"What is it Miss Eva? — I don't understand."
"I can't tell you; but, when I saw those poor creatures on the boat, you know, when you came up and I, — some had lost their mothers, and some their husbands, and some mothers cried for their little children — and when I heard about poor Prue, — oh, wasn't that dreadful! — and a great many other times, I've felt that I would be glad to die, if my dying could stop all this misery. I would die for them, Tom, if I could," said the child, earnestly, laying her little thin hand on his.
Tom looked at the child with awe; and when she, hearing her father's voice, glided away, he wiped his eyes many times, as he looked after her.
"It's jest no use tryin' to keep Miss Eva here," he said to Mammy, whom he met a moment after. "She's got the Lord's mark in her forehead."
"Ah, yes, yes," said Mammy, raising her hands; "I've allers said so. She wasn't never like a child that's to live — there was allers something deep in her eyes. I've told Missis so, many the time; it's a comin' true, — we all sees it, — dear, little, blessed lamb!"
Eva came tripping up the verandah steps to her father. It was late in the afternoon, and the rays of the sun formed a kind of glory behind her, as she came forward in her white dress, with her golden hair and glowing cheeks, her eyes unnaturally bright with the slow fever that burned in her veins.
St. Clare had called her to show a statuette that he had been buying for her; but her appearance, as she came on, impressed him suddenly and painfully. There is a kind of beauty so intense, yet so fragile, that we cannot bear to look at it. Her father folded her suddenly in his arms, and almost forgot what he was going to tell her.
"Eva, dear, you are better now-a-days, — are you not?"
"Papa," said Eva, with sudden firmness "I've had things I wanted to say to you, a great while. I want to say them now, before I get weaker."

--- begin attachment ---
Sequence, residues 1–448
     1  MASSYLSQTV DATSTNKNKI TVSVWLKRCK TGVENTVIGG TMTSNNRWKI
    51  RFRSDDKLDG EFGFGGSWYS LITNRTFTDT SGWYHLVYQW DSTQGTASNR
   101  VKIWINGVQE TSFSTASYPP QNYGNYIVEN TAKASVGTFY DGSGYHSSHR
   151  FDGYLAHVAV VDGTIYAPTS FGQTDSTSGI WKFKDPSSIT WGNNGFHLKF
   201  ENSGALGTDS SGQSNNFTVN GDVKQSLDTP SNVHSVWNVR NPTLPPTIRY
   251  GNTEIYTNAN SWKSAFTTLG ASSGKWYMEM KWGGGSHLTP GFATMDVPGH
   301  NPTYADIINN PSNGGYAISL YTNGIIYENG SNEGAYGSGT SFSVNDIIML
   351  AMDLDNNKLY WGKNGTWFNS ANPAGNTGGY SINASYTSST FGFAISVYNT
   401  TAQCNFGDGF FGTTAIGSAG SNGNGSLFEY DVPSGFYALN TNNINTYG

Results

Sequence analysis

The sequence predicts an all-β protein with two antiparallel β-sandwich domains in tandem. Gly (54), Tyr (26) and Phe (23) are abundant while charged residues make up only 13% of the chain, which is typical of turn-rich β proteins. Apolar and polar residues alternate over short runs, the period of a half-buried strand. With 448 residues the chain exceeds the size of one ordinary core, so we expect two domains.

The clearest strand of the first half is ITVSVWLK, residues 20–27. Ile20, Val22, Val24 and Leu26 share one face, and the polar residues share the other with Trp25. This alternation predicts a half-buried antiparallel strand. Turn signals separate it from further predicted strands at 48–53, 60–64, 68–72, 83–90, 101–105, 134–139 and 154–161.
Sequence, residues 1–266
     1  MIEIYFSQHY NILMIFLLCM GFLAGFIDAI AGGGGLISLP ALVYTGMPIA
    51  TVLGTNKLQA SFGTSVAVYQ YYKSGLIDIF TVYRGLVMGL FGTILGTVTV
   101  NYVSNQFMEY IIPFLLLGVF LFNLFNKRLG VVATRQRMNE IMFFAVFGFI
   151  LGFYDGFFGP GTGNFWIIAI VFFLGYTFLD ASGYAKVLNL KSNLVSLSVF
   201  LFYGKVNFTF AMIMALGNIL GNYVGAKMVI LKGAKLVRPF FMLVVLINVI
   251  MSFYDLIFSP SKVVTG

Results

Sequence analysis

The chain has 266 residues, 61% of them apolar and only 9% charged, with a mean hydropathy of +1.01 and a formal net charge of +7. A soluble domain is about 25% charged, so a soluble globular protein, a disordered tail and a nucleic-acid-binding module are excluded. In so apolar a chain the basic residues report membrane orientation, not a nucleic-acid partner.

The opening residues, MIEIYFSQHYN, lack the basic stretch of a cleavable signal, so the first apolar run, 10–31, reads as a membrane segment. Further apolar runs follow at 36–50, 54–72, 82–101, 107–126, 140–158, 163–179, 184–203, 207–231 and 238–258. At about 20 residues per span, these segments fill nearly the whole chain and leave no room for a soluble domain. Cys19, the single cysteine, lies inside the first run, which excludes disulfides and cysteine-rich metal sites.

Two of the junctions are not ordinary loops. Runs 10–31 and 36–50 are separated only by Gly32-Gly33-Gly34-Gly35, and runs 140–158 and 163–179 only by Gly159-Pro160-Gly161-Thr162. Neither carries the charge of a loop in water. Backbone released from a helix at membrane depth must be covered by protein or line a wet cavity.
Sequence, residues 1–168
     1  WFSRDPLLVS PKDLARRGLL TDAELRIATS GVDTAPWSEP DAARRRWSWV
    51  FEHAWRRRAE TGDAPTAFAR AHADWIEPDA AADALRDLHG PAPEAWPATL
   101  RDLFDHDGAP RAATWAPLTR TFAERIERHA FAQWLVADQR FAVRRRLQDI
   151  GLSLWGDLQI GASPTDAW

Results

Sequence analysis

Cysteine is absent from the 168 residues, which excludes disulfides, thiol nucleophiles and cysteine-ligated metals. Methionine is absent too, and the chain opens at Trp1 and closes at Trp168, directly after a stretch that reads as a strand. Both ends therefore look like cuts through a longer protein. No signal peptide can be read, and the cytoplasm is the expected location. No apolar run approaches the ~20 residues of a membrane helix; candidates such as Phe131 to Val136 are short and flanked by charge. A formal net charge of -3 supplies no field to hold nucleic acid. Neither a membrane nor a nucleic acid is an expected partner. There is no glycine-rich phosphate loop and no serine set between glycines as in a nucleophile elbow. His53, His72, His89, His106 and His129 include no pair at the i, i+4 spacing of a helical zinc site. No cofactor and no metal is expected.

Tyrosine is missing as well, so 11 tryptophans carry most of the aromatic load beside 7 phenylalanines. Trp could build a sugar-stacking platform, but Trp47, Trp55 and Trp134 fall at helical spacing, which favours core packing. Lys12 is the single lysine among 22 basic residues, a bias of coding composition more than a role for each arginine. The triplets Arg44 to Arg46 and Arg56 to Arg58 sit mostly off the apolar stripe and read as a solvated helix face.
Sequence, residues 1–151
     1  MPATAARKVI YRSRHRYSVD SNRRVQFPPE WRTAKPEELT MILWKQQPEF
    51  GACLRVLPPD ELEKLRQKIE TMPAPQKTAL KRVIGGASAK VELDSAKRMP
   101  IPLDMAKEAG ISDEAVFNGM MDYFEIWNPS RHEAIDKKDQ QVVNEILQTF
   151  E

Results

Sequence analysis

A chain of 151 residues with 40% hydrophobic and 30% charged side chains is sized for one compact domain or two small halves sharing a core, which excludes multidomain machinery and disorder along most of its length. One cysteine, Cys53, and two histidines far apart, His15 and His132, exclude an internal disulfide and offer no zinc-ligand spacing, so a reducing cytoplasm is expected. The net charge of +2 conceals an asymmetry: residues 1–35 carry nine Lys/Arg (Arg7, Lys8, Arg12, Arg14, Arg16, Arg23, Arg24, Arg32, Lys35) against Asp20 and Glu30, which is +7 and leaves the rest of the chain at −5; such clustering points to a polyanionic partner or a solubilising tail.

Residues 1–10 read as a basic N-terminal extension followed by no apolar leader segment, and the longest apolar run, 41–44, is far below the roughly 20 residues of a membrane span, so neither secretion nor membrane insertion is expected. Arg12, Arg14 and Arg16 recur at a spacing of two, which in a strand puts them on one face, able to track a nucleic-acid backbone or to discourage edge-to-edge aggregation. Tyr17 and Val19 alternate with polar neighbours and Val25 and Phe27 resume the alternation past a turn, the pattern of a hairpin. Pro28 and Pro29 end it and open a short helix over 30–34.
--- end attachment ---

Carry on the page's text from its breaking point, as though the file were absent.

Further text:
St. Clare trembled as Eva seated herself in his lap. She laid her head on his bosom, and said,
"It's all no use, papa, to keep it to myself any longer. The time is coming that I am going to leave you. I am going, and never to come back!" and Eva sobbed.
"O, now, my dear little Eva!" said St. Clare, trembling as he spoke, but speaking cheerfully, "you've got nervous and low-spirited; you mustn't indulge such gloomy thoughts. See here, I've bought a statuette for you!"
"No, papa," said Eva, putting it gently away, "don't deceive yourself! — I am not any better, I know it perfectly well, — and I am going, before long. I am not nervous, — I am not low-spirited. If it were not for you, papa, and my friends, I should be perfectly happy. I want to go, — I long to go!"
"Why, dear child, what has made your poor little heart so sad? You have had everything, to make you happy, that could be given you."
"I had rather be in heaven; though, only for my friends' sake, I would be willing to live. There are a great many things here that make me sad, that seem dreadful to me; I had rather be there; but I don't want to leave you, — it almost breaks my heart!"
"What makes you sad, and seems dreadful, Eva?"
"O, things that are done, and done all the time. I feel sad for our poor people; they love me dearly, and they are all good and kind to me. I wish, papa, they were all free."
"Why, Eva, child, don't you think they are well enough off now?"